When it comes to proving liability in a car accident case, witnesses to the accident are a powerful tool. If there were witnesses to your accident, you will hopefully have the opportunity to obtain their contact information from either the scene or from the accident report. Your attorney will ask the witness a number of questions to help the insurance adjuster or the court to understand exactly how the accident occurred.
The attorney will often remind the witness in the phrasing of the questions to use their own words when answering to avoid the witness simply parroting the details that were included in the police report. Here is a list of seven questions that will be asked of your witnesses and the reason why those questions are important.
1. How did the Accident Occur?
This question will often be phrased in an open-ended manner to allow the witness the greatest opportunity to provide their own observations of the accident and the details that are most clear in their mind. Often, the response to this initial question will provide a map of follow-up questions that are necessary in order to fill in gaps in the story.
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2. What Was Your First Indication that an Accident Was About to Occur?
This question is important because it shows where the witness began paying attention to the details of the accident. If the witness’ first inclination that an accident had occurred was the sound of the impact, then they likely won’t be able to provide an accurate accounting of the actions of either party that led to the accident.
3. Where Were You in Relation to the Accident?
Witnesses will be able to provide different details as to how the accident occurred from different vantage points. Your attorney will want to establish how close the witness was when the accident occurred, as this will inform the type of details they can provide. A witness who observed the accident that occurred just feet from where they were standing or sitting in their car will understandably have more detailed observations than someone who was a quarter-mile away when the accident occurred.
4. Can You Provide More Details About How the Accident Occurred?
Your attorney will press witnesses for more details as showing the actions that the at-fault party took is at the crux of proving your claim. Some common follow-up questions that will be used to solicit more details include:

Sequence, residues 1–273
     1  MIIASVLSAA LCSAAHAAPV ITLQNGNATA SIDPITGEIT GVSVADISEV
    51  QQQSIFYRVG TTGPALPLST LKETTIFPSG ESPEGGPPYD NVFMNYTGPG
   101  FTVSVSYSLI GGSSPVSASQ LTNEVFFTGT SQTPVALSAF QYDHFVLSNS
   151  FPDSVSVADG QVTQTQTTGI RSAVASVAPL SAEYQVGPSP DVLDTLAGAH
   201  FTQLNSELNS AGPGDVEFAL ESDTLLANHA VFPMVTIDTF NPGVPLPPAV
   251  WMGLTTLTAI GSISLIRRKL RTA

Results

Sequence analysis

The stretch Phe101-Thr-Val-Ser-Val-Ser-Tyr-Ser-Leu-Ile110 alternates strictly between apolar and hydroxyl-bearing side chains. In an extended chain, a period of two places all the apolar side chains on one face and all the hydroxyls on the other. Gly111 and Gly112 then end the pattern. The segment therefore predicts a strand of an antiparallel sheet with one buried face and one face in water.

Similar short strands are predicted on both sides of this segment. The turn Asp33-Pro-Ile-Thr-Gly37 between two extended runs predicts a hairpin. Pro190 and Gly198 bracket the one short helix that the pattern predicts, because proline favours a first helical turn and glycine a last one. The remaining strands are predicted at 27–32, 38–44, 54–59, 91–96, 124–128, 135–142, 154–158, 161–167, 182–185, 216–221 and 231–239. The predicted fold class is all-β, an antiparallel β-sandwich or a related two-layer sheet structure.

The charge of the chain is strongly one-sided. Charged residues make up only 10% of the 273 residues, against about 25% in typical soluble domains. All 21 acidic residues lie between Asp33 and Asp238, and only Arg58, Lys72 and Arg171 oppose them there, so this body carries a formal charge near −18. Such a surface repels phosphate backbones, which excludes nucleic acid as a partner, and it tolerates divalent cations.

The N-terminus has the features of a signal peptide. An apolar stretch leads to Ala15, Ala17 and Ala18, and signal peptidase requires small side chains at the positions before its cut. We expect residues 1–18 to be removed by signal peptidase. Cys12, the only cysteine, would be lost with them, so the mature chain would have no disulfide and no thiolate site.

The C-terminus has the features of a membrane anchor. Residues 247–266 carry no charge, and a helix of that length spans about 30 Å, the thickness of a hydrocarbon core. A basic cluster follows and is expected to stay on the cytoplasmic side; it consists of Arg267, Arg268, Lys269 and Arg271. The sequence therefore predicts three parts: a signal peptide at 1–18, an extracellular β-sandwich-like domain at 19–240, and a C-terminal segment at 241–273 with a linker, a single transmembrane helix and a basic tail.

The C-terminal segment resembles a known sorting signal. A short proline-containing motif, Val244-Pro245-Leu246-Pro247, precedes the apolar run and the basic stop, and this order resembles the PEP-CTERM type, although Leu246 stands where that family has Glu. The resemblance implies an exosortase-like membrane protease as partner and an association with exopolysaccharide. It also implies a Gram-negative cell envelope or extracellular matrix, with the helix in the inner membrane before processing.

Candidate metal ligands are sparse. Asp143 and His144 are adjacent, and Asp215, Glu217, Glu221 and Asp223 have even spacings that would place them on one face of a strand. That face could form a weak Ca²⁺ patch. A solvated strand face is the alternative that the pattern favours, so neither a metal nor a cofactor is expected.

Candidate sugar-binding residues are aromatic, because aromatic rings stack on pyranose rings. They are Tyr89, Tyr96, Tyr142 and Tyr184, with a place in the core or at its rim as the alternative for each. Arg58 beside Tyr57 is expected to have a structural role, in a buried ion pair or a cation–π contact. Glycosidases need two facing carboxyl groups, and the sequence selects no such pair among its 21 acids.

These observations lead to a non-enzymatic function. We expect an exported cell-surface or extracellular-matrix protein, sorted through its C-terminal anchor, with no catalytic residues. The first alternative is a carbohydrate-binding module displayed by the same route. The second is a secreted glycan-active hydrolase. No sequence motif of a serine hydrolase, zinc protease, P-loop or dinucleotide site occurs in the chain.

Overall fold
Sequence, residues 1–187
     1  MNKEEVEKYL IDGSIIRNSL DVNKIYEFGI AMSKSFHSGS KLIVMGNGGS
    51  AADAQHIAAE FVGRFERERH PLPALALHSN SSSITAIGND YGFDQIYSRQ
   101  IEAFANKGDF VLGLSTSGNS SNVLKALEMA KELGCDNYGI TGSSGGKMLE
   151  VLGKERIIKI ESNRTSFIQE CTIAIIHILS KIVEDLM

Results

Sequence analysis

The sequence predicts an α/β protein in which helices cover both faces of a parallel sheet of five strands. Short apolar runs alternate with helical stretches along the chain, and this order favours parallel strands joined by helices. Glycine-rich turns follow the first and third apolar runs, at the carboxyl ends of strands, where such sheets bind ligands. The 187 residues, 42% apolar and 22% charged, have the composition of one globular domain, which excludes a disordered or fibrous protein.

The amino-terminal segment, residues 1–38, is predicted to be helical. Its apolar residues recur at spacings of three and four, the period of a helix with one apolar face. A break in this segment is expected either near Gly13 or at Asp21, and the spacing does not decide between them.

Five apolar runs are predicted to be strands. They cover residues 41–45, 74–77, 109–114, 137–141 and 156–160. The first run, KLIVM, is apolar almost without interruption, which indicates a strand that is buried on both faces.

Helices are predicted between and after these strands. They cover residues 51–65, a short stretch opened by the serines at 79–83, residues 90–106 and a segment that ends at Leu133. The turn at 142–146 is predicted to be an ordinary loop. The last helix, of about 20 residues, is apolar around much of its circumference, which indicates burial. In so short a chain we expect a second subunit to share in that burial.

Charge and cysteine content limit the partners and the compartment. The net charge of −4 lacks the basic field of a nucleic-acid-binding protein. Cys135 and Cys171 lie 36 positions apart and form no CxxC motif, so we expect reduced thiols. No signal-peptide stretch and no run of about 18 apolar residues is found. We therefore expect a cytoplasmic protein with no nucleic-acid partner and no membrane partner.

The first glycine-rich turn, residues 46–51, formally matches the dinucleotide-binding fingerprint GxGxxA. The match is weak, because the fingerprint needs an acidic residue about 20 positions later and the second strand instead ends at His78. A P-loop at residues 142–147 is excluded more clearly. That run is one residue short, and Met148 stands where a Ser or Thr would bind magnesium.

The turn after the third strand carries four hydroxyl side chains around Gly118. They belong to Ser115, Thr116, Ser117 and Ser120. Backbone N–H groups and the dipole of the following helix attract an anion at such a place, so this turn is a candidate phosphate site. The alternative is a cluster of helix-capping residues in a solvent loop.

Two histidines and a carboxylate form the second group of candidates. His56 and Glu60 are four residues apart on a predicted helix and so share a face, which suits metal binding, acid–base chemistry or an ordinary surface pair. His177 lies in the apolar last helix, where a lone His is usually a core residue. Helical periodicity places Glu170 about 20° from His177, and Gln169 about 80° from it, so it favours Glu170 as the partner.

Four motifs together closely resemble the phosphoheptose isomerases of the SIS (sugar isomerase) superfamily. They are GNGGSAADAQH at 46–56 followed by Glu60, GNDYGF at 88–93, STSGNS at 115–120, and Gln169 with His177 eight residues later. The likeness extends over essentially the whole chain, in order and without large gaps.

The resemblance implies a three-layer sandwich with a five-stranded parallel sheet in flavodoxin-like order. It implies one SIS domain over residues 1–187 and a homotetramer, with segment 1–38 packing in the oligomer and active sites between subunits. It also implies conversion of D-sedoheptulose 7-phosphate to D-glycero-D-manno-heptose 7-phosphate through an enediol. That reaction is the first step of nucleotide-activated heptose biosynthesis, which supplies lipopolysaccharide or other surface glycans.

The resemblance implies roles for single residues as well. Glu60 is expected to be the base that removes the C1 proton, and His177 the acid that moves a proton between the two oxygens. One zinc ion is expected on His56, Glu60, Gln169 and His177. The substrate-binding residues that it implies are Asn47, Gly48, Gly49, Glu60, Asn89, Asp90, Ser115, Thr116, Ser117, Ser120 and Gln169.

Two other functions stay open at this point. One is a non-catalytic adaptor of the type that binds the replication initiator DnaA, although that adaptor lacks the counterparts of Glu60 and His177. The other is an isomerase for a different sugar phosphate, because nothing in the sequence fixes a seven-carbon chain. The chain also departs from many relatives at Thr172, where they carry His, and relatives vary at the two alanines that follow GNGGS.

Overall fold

- What were you doing before the accident? This can reveal whether the witness had his or her attention trained on the situation as it unfolded on the roadway or was distracted by something else.
- Which lane position was each vehicle in? These details can help reconstruct the accident in order to understand how it occurred.
- How fast were the vehicles traveling? While no one is expecting the witness to have an exact accounting of everyone’s speed, having an indication as to whether the vehicles were going with the flow of traffic or if someone was weaving in and out or driving erratically can provide a lot of the background for showing liability.
- Did you notice the traffic signals just before the accident? Your attorney will want to know this as it could indicate that one of the drivers ran a red light. Other questions will likely be asked to indicate a traffic infraction on the part of either driver, such as whether either driver attempted an illegal u-turn just before the accident.
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5. What did You Do After the Accident?
The credibility of a witness often comes down to how they responded to the situation that they just saw. If the witness merely went on about his or her business as if the accident never happened, they are often less able to offer concise details as someone who was personally invested in the situation and responded by calling 911 or attempting to render aid to the victims.
6. What Were the Conditions on the Scene of the Crash?
Your attorney will want to know what the traffic and weather conditions were like at the time of the accident. Weather can create conditions such as slippery roads and sun glare that can contribute to the crash. Weather can also produce poor visibility that could not only factor into the cause of the crash but impact how much the witness was able to see.
Your attorney will also likely ask the witness if they have any particular expertise in weather, road conditions, accident reconstruction, or vehicles, as particular expertise in the factors involved in the accident can result in more detailed observations.
7. Who Was You with When You Witnessed the Accident?
Having a witness who can corroborate your story about how your accident occurred is a valuable tool when it comes time to prove your claim. What is even better than one witness though is multiple witnesses. If you were with someone when the accident occurred, your attorney will likely want the contact information for that individual to learn about their observations.
Trust Pacific West Injury Law to Ask the Right Questions on Your Behalf
An experienced car accident attorney from Pacific West Injury Law knows what an opportunity it is to have a witness able to give an accounting as to what happened and how to use that information to prove your claim. For a free case evaluation, contact us online.